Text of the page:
Puz­zling EU ac­tions will re­ally dis­ap­point China

Global Times - - Biz Comment - By Wei Jian­guo The au­thor is ex­ec­u­tive deputy di­rec­tor of China Cen­ter for In­ter­na­tional Eco­nomic Ex­changes. bi­zopin­ion@ glob­al­times. com

Italy, France and Ger­many have jointly asked the Euro­pean Com­mis­sion to tighten ex­ist­ing rules to give EU mem­ber states greater flex­i­bil­ity to ban for­eign takeovers of Euro­pean com­pa­nies, ac­cord­ing to re­cent me­dia re­ports. It goes with­out say­ing that these rules would target Chi­nese in­vest­ment.

Those who are com­mit­ted to pro­mot­ing friendly co­op­er­a­tion be­tween China and the EU may feel puz­zled and even dis­ap­pointed about sev­eral re­cent EU moves, of which some are par­tic­u­larly per­plex­ing.

First, dur­ing the prepa­ra­tions for the Belt and Road Fo­rum for In­ter­na­tional Co­op­er­a­tion held from May 14 to 15, China had hoped that some EU lead­ers could at­tend the con­fer­ence, but var­i­ous EU lead­ers said they were too busy with na­tional elec­tions and oth­ers said they were un­avail­able for other rea­sons. In the end, no head of state from the EU, China’s largest trad­ing part­ner over the years, at­tended the meet­ing.

Sec­ond, af­ter Pre­mier Li Ke­qiang’s visit to Europe from May 31- June 2, no joint China- EU com­mu­niqué was is­sued. The Chi­nese peo­ple were not con­cerned about this be­cause they al­ways be­lieve ac­tion is more im­por­tant than words. How­ever, the sig­nal sent by the EU is worth think­ing about.

It should be noted as well that China’s com­plaint re­gard­ing the WTO hasn’t re­ceived any re­sponse from the EU. We hope that the EU could honor and ful­fill the prom­ise made in Ar­ti­cle 15 of the pro­to­col on China’s ac­ces­sion to the WTO, but the EU has re­sorted to new “tricks” to block Chi­nese com­pa­nies and prod­ucts from en­ter­ing Europe.

Third, the EU has re­cently made many ef­forts to stop Chi­nese com­pa­nies from in­vest­ing in Europe. The most strik­ing ex­am­ple is the high- speed rail­way link­ing Hun­gary and Ser­bia, which will be a land- sea pas­sage from the Mediter­ranean and the Baltic Sea. China has al­ready built two high­speed rail projects in Africa and a num­ber of high- speed rail links in South Asia. But the EU shelved the project for as­sess­ment on the grounds of opaque in­vest­ment in the Hun­gary- Ser­bia rail­way. The EU also re­port­edly in­tends to in­ter­vene in the South China Sea dis­pute. All such ac­tions make us won­der whether or not the EU is will­ing to con­tinue friendly co­op­er­a­tion with China.

Tak­ing a peace­ful de­vel­op­ment path, China has put for­ward the Belt and Road ini­tia­tive, the Asian In­fra­struc­ture In­vest­ment Bank ( AIIB) and other ini­tia­tives. I sin­cerely hope that the EU can treat these China- pro­posed ini­tia­tives the same way as they treat the AIIB. I don’t want to see the EU do some­thing harm­ful to the de­vel­op­ment of Sino- EU re­la­tion­ship.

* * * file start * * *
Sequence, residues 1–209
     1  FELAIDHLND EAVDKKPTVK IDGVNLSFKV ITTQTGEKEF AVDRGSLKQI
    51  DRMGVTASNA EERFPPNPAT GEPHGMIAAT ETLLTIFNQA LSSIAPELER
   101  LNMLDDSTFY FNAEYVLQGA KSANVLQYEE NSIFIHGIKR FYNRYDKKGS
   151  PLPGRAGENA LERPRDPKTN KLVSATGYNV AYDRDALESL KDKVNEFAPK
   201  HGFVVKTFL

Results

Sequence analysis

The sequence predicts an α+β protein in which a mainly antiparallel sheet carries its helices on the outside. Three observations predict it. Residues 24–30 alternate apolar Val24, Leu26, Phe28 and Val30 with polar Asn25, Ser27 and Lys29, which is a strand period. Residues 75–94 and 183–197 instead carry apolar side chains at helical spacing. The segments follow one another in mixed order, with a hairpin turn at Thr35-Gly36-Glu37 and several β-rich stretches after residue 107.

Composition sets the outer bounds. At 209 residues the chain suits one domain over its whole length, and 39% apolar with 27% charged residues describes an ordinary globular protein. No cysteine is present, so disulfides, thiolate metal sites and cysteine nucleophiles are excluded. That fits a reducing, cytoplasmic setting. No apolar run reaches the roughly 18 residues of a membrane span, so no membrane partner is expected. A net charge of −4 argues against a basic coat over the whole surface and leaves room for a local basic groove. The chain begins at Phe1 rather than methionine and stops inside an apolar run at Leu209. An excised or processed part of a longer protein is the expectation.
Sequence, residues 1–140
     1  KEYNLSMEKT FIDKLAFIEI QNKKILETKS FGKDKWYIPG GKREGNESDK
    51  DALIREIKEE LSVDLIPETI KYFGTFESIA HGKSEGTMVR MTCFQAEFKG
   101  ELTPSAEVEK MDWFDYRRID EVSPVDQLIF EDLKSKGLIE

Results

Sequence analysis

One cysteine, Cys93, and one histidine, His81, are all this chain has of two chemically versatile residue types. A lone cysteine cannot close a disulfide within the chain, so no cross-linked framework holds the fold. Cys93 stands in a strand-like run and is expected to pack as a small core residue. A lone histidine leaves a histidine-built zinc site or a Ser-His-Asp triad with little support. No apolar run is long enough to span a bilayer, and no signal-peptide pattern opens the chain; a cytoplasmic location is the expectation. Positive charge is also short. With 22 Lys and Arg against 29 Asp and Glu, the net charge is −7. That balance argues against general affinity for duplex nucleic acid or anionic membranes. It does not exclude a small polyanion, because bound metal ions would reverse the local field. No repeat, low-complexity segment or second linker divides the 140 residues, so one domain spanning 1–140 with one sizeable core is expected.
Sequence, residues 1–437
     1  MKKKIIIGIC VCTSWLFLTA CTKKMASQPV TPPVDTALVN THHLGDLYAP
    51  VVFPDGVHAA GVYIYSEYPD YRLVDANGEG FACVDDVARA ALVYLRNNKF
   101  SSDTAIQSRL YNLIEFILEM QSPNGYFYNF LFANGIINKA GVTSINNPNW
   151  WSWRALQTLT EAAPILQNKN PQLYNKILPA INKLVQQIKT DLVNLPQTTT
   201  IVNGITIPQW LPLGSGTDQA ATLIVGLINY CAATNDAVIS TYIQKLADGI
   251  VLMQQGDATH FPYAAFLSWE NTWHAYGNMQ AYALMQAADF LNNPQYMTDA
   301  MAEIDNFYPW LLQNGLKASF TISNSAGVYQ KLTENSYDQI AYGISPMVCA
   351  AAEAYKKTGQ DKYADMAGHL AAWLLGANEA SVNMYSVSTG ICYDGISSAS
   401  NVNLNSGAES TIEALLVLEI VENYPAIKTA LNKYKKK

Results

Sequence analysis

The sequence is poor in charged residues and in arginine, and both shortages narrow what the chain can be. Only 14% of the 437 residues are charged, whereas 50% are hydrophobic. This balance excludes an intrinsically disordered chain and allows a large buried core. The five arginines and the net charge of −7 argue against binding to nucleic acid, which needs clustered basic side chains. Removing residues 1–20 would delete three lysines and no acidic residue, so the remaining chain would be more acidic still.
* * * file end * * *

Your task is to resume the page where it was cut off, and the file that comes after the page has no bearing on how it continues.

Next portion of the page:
Many peo­ple have asked me: Is the Sino- EU re­la­tion­ship go­ing for­ward, stand­ing still or go­ing back­ward? I have al­ways said “go­ing for­ward.” But I am quite up­set with what the EU has been do­ing. What caused this?

First, some EU lead­ers still have a Cold War men­tal­ity and are ar­ro­gant about the rise of China, lead­ing to cer­tain mis­judg­ment of China’s be­hav­ior.

Sec­ond, against the back­ground of US- led anti- glob­al­iza­tion, uni­lat­er­al­ism and pro­tec­tion­ism, China and the EU should as­sume the re­spon­si­bil­ity of main­tain­ing global mul­ti­lat­eral trade rules and re­con­struct­ing the in­ter­na­tional eco­nomic gov­er­nance sys­tem. But it seems that the EU doesn’t have much en­thu­si­asm for these tasks.

Third, and most im­por­tant, the EU thinks too highly of it­self and has made many mis­judg­ments, in­ter­pret­ing China’s friendly ac­tions and mu­tu­ally ben­e­fi­cial co­op­er­a­tion ini­tia­tives as re­quests. This is def­i­nitely a neg­a­tive fac­tor for the Sino- EU re­la­tion­ship. The EU should be clearly aware of its “in­ter­nal and ex­ter­nal dif­fi­cul­ties,” which call ur­gently for re­form and open­ing up as well as uni­fied think­ing in­ter­nally. Ex­ter­nally, the EU faces pres­sure and chal­lenges, par­tic­u­larly from Brexit. Its trade re­la­tion­ship with China also faces re­sis­tance and com­pe­ti­tion. At present, the growth in Sino- US trade has far ex­ceeded that of Sino- EU trade. If the trend con­tin­ues, China’s largest trad­ing part­ner will no longer be the EU in 2017, but the US. The As­so­ci­a­tion of South­east Asian Na­tions or even Africa may over­take the EU’s po­si­tion in trade with China in 2018. We hope that EU lead­ers could think clearly about the fu­ture of Sino- EU re­la­tions, strengthen cul­tural, tech­no­log­i­cal, tourism and in­no­va­tion ex­changes to achieve mu­tual ben­e­fit and win- win re­sults for both par­ties. In the face of US claims on cli­mate change and trade, it is China that came for­ward to sup­port the EU. China and the EU should be friends, not ad­ver­saries. We don’t want to see the EU once again lose the op­por­tu­nity to be sur­passed by other coun­tries in terms of politics, economics, trade and other ar­eas.

Many peo­ple have asked me: Is the Sino- EU re­la­tion­ship go­ing for­ward, stand­ing still or go­ing back­ward? I have al­ways said “go­ing for­ward.” But I am quite up­set with what the EU has been do­ing.

Illustration: Luo Xuan/ GT

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